• It’s true that using a 20lb tank would lower the unit cost of propane. But my point is that, I’d burn significantly more gas if I had a 20lb tank, so the total amount of gas I burn and the money I spend on gas would actually end up being more.

      There’s a related concept called Jevon’s Paradox, which states that better efficiency leads to a net increase in energy consumption. The basic idea is that when the cost of something goes down, you simply end up using more of it, enough to offset the unit cost savings.

      • I was just thinking about the 20-pound tank as a way to reduce the number of waste cylinders you generate.

        A heavy-duty metal grating (made with waste rebar scavenged from construction sites?) over your fire pit might make cooking with wood outdoors a viable alternative to cooking with gas, when the weather permits. I also love the rocket stove you made with bricks and a cinder block for outdoors cooking too.

        Have you considered adding a lean-to on your hut? It could serve as an outdoor kitchen and a method of harvesting rainwater.

      • Jevon’ pardox applies to water use as well not just energy….if every gallon is hauled in, as opposed to turning a valve….conservation quickly comes to mind. One of the many reasons we cook with cast iron is the clean up…or lack of…a simple wipe with a paper towel is all it usually takes…then that towel is burned in the wood stove.

    • Interesting thoughts. I read your post on LED lighting, great info and good for what you are using it for, and how, but I take exception, sort of, to one of your statements there. You said LED’s are “By far the best in power usage and longevity. ”

      I will have to agree with the longevity part, although the advertised hours are bogus as they do dim over time. But LED’s are not the most efficient at light “output”. For area lighting you are still better off with CFL’s or better, T6 bulbs. If you want to get away cost effectively you would need to go with 110 V and an inverter, but they are still more efficient. Now, for task lighting, which may be all anyone really needs, LED’s can’t be beat. If I was in the same situation as you I would also probably go with LED and will be for a few locations in my home when the price gets to where it belongs.

      I am not challenging you, I just don’t like the myth being spread around that LED’s are most efficient lighting option. The best choice sometimes, but not the most efficient. I expect they will be soon, followed by being most cost efficient, but they are not there yet. And even now, in some places they are the best option. Outside floodlights in cold locations. Most any lighting in cold locations (inside a cabin!). Etc.

      • I have been proven wrong again. I had not seen the specs on the latest commercial LED bulbs. Looks like the newest are now competing with CFL’s for efficiency. Good to see. Finally…..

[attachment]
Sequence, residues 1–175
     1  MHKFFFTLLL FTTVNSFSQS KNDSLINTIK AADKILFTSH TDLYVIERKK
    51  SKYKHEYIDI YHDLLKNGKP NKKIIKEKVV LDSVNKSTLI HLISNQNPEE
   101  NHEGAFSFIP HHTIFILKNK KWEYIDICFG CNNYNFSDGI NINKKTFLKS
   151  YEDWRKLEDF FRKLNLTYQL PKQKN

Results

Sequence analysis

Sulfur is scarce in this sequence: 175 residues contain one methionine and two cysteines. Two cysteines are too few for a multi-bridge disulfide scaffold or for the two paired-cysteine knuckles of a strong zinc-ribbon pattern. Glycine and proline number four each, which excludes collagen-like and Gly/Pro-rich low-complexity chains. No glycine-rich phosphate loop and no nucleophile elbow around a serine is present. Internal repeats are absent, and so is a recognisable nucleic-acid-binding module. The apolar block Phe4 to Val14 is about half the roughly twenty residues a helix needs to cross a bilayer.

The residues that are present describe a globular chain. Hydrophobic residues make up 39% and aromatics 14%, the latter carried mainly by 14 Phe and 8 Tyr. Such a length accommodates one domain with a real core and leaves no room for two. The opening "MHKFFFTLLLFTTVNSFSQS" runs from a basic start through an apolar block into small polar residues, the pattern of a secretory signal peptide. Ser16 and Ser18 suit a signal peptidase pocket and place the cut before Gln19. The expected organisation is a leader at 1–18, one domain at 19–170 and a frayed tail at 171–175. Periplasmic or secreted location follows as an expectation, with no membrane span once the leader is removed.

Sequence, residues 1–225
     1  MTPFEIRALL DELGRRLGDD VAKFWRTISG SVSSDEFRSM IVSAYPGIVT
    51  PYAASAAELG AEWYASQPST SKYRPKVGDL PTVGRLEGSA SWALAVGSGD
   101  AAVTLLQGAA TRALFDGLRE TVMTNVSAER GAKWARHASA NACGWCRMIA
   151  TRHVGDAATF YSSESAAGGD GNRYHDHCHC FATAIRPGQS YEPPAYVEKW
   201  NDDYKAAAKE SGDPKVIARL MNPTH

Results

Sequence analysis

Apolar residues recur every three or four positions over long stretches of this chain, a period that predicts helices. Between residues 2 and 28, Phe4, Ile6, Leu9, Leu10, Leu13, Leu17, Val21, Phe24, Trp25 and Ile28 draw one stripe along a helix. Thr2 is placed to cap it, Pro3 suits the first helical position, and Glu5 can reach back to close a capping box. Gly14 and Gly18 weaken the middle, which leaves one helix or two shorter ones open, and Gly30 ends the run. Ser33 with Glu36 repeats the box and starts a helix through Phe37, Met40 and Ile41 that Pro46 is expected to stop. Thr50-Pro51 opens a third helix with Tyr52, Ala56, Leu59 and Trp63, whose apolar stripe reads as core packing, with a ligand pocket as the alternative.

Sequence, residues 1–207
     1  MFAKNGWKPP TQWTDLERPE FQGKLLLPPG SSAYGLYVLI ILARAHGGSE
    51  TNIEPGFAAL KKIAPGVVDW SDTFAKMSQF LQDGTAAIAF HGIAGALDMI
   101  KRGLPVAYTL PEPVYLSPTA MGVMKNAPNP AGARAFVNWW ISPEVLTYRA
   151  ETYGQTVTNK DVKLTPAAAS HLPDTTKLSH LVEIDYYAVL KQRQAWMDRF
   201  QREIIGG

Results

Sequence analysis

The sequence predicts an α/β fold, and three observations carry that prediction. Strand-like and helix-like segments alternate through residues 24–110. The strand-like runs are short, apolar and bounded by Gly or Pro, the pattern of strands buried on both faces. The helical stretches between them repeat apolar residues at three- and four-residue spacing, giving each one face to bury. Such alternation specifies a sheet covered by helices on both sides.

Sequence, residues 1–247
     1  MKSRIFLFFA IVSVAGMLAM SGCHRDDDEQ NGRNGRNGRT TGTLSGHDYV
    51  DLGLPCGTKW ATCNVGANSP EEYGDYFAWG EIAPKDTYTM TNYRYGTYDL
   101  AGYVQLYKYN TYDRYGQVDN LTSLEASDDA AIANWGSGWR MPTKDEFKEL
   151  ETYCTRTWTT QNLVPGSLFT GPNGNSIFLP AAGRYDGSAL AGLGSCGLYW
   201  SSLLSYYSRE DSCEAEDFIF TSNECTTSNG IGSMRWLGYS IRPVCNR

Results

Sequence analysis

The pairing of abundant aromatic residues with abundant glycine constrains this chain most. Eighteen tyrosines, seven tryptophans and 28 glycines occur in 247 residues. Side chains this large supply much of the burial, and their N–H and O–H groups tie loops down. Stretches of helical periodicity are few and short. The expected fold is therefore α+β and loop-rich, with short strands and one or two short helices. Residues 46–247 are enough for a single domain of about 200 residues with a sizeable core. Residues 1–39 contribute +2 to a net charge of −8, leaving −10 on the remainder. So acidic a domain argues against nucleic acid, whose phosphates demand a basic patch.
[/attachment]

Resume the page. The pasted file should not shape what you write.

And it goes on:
5. excellent post about the importance of consumption consciousness and how Efficiency/Convenience can increase consumption. especially like the bit about CFLs & AA batteries: perspective is valuable!

    In a similar vein, I’ve heard that we spend 15% more when use credit cards instead of cash: with credit cards we tend to splurge more because we don’t worry about having the cash in hand to pay for the next item we’ll buy.

  6. Wood from your immediate area always is so much better. You eliminate the whole fossil fuel industry. Refinement, transportation, etc… We cannot live in the colder climates without some form of fire. Every time we bypass industrial production we reduce our carbon foot print by leaps and bounds. For outside cooking (which is always more fun) I have started using a rocket stove, dropping the need for propane cooking to a minimum. Nice place.

  7. I second the observation given above that burning wood is not, for practical purposes, additive to greenhouse gasses (particularly if the wood is not hauled in or cut with a chainsaw).

    Natural decay releases the same gasses as would burning, and the timeline of those gasses being released this winter or over the next couple of years is de minimus. Much better that you harness that release for your use (heat, cooking) than have it happen anyway and you employ additional emissions to meet your needs.

    I’d sure keep propane around as a back up, though!

  8. One of the things I really like about heating my house with wood is that it also contributes directly to the local economy, ie, the guy who chopped down the tree 5 miles down the road who delivers it to me. We bypass the whole mega-economy with cash transactions.

    Wood is everywhere (around here at least). I think that being the most nonindustrial and basic heating process makes it the best and cheapest, though maybe not the easiest in terms of physical labor.

    One of the things I’m not crazy about is all the little bits that end up on the floor…

    Love your blog. I’m moving in this direction myself (tinyhouse living).